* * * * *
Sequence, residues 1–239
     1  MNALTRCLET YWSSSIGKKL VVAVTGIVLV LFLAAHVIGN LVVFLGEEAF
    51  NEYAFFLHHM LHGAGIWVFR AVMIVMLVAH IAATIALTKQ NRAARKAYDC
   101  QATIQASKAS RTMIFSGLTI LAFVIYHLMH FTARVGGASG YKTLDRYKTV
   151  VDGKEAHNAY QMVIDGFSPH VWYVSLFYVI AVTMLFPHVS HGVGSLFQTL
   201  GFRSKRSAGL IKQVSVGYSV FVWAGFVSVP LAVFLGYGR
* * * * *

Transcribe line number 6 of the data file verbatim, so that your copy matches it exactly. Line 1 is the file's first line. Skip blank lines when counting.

   201  GFRSKRSAGL IKQVSVGYSV FVWAGFVSVP LAVFLGYGR